It is possible, collectively and as individuals, to make the changes necessary for us to co-exist with nature. If we design our urban settings, commercial buildings, and neighborhoods with native plants we can help rebuild the fragile food web.
Imagine if across our county we decided that landscaping for a healthy ecology was as much a priority as landscaping for aesthetics. If we want to rebuild healthy, productive, biodiverse habitats that is exactly what we need to do. The benefits would be literally life-altering.
Recent research found Carolina Chickadees in decline in yards with less than 70 percent native plants. Young chicks need protein, which cannot be obtained from the seed mixes we put in our bird feeders. A large part of that protein comes from caterpillars, brought to the chicks by their doting parents. Native trees and shrubs are home to huge numbers of caterpillars. The caterpillars are there because native plants are where the butterfly or moth lays its eggs. A native oak tree supports more than 500 different kinds of butterflies and moths. Non-native trees provide zero to very few caterpillars. The result of fewer caterpillars is fewer birds. Without native plants butterflies and birds will continue to decline.
Native plants are as attractive as the beautiful exotics that we have been using for centuries. Granted, it is a whole new set of plants that we are becoming familiar with. Design principles are the same regardless of which plant you choose. Just like any plant purchased from the garden center, knowing the soil, water and light requirements will increase your success. Elegant landscapes with mostly native plants can be very appealing and attractive.
Hopefully, you are convinced by now that we need to change some of our landscaping and gardening practices. We can rebuild functioning ecosystems right in our yards, simply by choosing native trees, shrubs, and perennials. This is the key to having more birds and butterflies. Additionally, landscaping with native plants will reduce the need for chemical fertilizers, pesticides, and water. These plants have existed for centuries without human intervention. The result will be our lakes, streams and drinking water will be less polluted.
From environmental educators to garden groups and webinars, education on how to landscape with and incorporate native plants is being offered all over the country. The ‘how to’ of this new gardening ethic will require a willingness to break out of the box and try some plants we are not yet familiar with. There are many excellent websites to help with this process. Some of my favorites are Missouri Botanical Garden, National Wildlife Foundation, Missouri Prairie Foundation, and Xerces Society. They are all full of educational material and information. Be sure to research according to the region in which you live.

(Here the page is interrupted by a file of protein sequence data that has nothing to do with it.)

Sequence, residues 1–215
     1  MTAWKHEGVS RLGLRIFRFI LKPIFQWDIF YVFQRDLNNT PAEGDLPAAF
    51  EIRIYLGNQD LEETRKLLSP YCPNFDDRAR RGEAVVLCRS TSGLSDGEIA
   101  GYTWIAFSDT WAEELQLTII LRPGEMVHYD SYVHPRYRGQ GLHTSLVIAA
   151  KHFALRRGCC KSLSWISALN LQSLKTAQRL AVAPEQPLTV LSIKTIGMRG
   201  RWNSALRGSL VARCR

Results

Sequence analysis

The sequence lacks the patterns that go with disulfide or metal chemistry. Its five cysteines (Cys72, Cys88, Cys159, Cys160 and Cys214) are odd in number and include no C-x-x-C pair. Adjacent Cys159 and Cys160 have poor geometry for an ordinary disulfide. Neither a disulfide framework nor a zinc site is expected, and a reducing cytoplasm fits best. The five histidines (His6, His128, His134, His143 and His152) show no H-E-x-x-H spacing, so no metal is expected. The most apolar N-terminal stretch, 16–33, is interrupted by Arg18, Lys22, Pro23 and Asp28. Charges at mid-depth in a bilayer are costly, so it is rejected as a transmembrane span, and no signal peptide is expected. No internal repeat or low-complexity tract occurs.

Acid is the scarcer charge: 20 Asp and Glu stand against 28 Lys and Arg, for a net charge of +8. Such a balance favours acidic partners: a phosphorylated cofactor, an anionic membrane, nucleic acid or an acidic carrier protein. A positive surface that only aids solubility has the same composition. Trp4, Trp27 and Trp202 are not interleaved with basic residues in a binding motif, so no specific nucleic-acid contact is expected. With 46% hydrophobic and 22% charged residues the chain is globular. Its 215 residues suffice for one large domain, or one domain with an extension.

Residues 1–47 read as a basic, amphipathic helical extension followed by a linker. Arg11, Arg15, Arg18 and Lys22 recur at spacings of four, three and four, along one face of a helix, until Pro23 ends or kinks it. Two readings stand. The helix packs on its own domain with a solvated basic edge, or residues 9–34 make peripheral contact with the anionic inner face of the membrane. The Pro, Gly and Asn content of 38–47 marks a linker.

The next time you have a landscaping project, try doing research on native plant options that fit the spot you are working with. Pay attention to soil, water, and sun requirements. Another important consideration is whether the plant is better suited for an intentional garden or for a wilder more natural area. After you have found appropriate choices try shopping with a list in hand. Over the last several years I have compiled a list called Well Behaved Natives for Landscaping. My intention is to give suggestions that are well suited to typical landscaped spaces.
Are we doing enough for the birds and butterflies? Not quite yet. However, it is most definitely possible for us to bring our surroundings back into balance. Changing our plant selections, increasing the percentage of native plants in our own yards, is an easy way for us to ‘do our part.’ It is one positive contribution we can all make, and in the process, we will enjoy more butterflies and more birds. Collectively we can make a difference… one yard at a time.